Former Coach Sues University of Minnesota Duluth Over Discrimination
A former athletics coach at the University of Minnesota Duluth (UMD) has sued the school and Board of Regents for fostering a culture of sexual harassment and gender discrimination, the Duluth News Tribune reported.
Earlier this week, Joanna Warmington, 47, a UMD’s cross country and track and field coach filed a pair lawsuits in a state and federal court alleging university of giving lesser pay to its female staff, allowing a hostile work environment.
Warmington tendered resignation in August 2018 after alleging school violating various NCAA and Title IX rules.
Earlier, the Office of Equal Opportunity and Affirmative Action investigated Warmington following complaints of jeopardizing the well being of athletes. The report alleged Warmington of sexual harassment in violation of University policy.
The report had concluded that “Ms. Warmington’s conduct was unwelcome because it was unsolicited, made multiple student-athletes feel uncomfortable, and taken together, created an unwelcome sexualized environment in which some student-athletes felt compelled to tolerate unwanted conduct of a sexual nature in order to maintain a positive relationship with their coach.”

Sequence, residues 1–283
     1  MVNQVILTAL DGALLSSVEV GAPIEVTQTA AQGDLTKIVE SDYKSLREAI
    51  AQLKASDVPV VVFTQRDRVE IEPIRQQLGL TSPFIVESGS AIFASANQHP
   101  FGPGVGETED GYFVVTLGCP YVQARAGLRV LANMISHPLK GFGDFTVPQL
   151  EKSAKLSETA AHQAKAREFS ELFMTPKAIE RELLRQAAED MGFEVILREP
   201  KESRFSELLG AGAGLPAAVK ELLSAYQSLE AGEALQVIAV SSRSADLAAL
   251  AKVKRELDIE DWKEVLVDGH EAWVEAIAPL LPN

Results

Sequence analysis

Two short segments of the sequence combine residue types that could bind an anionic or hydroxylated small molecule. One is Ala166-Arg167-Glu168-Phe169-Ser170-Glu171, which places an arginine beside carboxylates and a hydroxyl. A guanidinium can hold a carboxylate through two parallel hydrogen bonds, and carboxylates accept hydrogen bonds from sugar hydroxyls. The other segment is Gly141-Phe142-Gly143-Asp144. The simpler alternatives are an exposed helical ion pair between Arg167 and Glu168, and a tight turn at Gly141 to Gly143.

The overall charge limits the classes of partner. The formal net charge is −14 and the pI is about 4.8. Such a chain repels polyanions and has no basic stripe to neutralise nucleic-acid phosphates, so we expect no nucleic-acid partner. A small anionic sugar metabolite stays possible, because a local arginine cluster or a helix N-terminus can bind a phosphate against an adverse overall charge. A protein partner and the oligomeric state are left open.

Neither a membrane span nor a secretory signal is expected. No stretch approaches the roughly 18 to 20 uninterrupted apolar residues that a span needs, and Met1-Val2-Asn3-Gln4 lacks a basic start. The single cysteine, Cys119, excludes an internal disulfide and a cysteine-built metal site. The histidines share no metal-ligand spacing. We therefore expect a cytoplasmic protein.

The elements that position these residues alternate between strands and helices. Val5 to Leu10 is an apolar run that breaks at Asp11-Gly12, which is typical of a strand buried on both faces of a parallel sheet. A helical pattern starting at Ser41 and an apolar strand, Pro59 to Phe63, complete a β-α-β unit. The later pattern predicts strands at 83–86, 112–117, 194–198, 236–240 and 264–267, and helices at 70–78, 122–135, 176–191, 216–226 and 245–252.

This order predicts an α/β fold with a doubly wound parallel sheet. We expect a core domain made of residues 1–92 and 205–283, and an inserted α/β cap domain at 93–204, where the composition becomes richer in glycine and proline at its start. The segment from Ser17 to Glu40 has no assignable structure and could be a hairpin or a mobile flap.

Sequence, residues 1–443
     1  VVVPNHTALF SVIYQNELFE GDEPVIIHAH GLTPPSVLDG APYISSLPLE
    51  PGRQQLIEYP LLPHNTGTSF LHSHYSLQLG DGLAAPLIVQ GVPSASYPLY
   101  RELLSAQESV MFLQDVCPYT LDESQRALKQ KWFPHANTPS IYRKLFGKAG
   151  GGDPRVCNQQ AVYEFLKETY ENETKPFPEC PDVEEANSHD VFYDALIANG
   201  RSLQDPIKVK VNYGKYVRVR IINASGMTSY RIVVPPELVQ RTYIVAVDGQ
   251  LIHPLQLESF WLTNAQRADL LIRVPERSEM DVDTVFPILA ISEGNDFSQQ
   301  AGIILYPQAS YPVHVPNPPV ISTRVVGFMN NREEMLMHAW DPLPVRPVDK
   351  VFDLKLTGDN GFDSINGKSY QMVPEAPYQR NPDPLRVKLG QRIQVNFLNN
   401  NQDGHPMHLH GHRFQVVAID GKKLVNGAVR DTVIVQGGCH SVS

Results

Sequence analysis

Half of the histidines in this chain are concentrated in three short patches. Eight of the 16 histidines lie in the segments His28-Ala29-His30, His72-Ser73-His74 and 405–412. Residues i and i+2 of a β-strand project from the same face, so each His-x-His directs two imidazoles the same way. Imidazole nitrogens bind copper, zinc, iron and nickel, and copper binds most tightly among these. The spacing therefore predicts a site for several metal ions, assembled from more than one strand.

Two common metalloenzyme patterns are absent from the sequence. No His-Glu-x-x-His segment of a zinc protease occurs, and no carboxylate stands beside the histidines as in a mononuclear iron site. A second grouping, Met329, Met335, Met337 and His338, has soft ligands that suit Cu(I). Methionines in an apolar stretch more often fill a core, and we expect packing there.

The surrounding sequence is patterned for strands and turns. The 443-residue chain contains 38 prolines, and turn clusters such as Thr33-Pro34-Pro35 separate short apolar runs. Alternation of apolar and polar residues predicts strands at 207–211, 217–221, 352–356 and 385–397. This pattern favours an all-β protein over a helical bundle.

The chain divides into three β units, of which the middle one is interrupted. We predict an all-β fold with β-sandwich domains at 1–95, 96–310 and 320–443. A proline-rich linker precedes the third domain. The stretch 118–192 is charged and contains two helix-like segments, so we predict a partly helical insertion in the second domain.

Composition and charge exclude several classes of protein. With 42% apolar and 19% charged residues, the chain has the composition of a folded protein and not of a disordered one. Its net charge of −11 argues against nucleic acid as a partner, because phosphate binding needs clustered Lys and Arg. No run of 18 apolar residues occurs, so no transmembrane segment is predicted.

However, Warmington in her lawsuit alleged the university of defamation and violating her rights.
“UMD administration could have simply chosen to not renew my contract. Instead, they chose to defame me and violate my due process rights in order to punish me for my knowledge of NCAA violations and raising with them the inequity of how my program and athletes were treated,“ Warmington said in a statement.
“They then tried to silence me with the threat that the investigation’s findings would be publicly released if I did not sign a confidential settlement agreement – where they would coopt me to agree to waive my rights to bring future claims. I am not scared of what they will say about me – for both they and I know the truth.”
She is seeking attorney fees, back pay, front pay, damages for emotional distress and compensatory damages.